Se me cae la baba con este doctorado internacional para estudiar biodiversidad en bosques tropicales ~

6 de abril de 2020

Se me cae la baba con este doctorado internacional para estudiar biodiversidad en bosques tropicales


Supervision and location
Main supervisors: Dr Marie Ange Ngo Bieng (UR Forests and Societies, CIRAD – CATIE); Dr Bryan Finegan (Unit Forests and Biodiversity in productive landscapes, CATIE)
Co-supervisors: Dr Géraldine Derroire (UMR EcoFoG, CIRAD) and Dr Bruno Hérault (UR Forests and Societies, CIRAD).
The PhD candidate will be based partly at CATIE (Turrialba Costa Rica), partly at UMR Ecofog (Kourou, French Guyana) and partly in Montpellier (France). For the first two years, provisional schedule is nine months a year at CATIE (Ngo Bieng & Fiengan), and three months a year at Ecofog (Derroire). The organization of the third year will likely be 6-months in Montpellier (Hérault) and 6-months at CATIE.

Expected start date around October/November 2020.

To apply
Please send your application as one single pdf file to Marie Ange Ngo Bieng ( and Géraldine Derroire ( before April 15, 2020. Application must include (1) a CV, (2) a cover letter expressing your interest for this position, (3) a transcript of MSc grades (when available), (4) a written example of your recent scientific work (publication or MSc thesis for example), (5) name and contact information with 2-3 recommendations letters.

Context and rationale
Tropical forests play a major role in biodiversity conservation: they host 50-70% of the terrestrial species. They account for nearly half of the world’s forest ecosystems, 7% of the land area and play a crucial role in the provision of many ecosystem services (carbon sequestration, provision of drinking water, provision of wood and non-timber forest products ). These forests have been disturbed (logging and other human-induced degradation), resulting in a significant increase in post-disturbance complex landscapes, representing nearly 2/3 of the current tropical rainforest areas . In a global context of biodiversity erosion, investigating the response of these hyperdiverse ecological systems to anthropogenic disturbances is a crucial issue to predict their fate in a world of increasing pressures.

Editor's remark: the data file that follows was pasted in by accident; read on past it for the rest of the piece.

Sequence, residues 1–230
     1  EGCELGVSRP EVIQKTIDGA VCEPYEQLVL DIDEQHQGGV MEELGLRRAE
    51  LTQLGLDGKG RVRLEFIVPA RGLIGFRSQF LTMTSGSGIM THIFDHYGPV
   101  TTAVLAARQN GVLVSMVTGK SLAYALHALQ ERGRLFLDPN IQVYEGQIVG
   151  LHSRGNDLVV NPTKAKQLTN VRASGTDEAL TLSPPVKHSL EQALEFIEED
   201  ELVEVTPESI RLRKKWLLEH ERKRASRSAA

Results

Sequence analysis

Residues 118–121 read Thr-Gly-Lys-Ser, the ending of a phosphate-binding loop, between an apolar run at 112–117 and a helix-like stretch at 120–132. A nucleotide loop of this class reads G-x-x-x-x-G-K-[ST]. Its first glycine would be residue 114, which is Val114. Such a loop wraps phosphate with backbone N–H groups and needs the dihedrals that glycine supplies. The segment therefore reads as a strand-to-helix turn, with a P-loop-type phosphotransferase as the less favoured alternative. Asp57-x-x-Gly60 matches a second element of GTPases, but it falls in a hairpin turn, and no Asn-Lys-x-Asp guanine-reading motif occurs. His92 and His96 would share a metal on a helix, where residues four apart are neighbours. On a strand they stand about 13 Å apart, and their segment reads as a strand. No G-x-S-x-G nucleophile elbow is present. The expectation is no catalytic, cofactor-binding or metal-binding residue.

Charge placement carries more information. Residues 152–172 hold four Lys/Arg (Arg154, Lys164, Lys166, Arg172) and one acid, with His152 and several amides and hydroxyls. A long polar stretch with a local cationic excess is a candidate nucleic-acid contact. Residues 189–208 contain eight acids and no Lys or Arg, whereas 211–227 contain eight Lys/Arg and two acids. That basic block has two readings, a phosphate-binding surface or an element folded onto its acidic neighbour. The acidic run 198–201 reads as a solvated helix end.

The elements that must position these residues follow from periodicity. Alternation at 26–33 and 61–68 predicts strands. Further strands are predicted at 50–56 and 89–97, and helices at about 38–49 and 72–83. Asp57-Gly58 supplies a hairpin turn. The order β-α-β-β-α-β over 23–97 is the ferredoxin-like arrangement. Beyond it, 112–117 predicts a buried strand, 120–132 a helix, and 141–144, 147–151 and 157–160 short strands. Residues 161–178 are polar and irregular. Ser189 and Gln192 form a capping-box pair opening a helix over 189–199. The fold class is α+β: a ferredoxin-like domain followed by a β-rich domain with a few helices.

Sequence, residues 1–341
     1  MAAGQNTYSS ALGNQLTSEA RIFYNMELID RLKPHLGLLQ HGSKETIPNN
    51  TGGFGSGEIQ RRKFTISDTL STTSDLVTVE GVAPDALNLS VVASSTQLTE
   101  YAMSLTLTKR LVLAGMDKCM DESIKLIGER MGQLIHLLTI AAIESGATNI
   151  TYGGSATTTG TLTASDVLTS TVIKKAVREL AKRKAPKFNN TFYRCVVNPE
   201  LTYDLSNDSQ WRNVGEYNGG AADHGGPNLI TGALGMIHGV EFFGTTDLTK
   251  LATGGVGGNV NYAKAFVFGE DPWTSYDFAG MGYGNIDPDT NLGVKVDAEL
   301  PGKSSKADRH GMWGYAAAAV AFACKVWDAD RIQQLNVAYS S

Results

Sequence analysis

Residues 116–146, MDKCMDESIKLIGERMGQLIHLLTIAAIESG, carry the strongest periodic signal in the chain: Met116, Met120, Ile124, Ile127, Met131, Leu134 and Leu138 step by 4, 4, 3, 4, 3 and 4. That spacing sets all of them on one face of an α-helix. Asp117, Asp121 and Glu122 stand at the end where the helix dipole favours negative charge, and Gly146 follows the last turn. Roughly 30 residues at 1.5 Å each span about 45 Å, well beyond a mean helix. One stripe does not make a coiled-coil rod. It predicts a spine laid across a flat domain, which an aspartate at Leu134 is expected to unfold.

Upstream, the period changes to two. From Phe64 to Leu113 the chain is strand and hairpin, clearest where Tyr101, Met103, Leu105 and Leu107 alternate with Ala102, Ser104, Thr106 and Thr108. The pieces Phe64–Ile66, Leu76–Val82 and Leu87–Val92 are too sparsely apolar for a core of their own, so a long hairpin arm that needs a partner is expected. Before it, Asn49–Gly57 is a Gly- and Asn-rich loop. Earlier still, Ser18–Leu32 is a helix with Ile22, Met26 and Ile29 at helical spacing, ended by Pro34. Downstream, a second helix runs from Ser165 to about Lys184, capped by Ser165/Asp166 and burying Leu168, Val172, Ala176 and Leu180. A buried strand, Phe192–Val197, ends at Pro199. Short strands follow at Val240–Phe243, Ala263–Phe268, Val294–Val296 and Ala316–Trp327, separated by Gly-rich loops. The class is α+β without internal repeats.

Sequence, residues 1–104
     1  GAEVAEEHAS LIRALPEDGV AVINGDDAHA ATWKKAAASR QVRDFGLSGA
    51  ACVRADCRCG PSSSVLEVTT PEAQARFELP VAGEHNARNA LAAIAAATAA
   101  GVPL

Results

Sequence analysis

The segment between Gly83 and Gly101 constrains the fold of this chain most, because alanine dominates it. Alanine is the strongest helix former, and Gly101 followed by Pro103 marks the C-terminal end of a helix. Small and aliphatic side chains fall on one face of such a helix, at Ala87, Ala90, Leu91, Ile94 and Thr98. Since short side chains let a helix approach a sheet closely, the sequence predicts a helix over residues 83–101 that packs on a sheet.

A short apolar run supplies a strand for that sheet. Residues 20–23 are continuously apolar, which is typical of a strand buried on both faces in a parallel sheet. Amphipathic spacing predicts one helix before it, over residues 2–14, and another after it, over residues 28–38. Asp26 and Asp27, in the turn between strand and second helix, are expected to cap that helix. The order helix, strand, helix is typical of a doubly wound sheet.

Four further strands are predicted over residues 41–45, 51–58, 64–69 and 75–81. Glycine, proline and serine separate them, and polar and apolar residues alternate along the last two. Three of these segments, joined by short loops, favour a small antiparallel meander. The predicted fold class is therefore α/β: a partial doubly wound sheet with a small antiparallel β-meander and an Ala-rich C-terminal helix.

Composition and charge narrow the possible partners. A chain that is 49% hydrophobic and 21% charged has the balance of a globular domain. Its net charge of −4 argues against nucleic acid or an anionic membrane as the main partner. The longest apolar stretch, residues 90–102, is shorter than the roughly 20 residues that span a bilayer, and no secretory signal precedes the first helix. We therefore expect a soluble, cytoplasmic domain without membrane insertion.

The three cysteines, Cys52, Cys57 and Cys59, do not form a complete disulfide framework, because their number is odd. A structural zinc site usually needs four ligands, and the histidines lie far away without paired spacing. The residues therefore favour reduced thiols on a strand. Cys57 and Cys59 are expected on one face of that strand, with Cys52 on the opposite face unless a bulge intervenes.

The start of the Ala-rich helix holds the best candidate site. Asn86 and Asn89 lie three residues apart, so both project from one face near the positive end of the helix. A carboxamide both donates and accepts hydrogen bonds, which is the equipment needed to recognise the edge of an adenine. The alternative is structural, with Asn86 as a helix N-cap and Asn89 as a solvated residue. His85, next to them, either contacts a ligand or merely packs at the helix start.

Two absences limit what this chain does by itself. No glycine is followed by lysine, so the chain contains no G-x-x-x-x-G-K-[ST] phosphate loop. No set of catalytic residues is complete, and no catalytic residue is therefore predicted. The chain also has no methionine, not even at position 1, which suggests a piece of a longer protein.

An increasing number of studies, both on production and secondary forests, show the capacity of these forests to gradually recover their diversity after disturbance, although the recovery of composition is uncertain and long , . A high variability in recovery trajectories and recovery time is also highlighted, due to a high stochasticity and various factors including disturbance intensity and type, stage maturity of plots and environmental variables (climate, soil and topography) .
The PhD work will contribute to understanding biodiversity trajectories in disturbed forests, specially taking into account the recovery dynamics of the diversity of used forest species with commercial value, and more specifically timber species. The presence of these species allows the maintenance of the value of these forests while reducing the risk of their conversion to other land uses more profitable in the short term (agriculture, livestock) . The knowledge produced will allow building « regional » hypotheses on the natural dynamics of biodiversity recovery in production and secondary forests. It will also help in defining rules for the sustainable management of logged species, and set up specific restoration plans within these disturbed landscapes.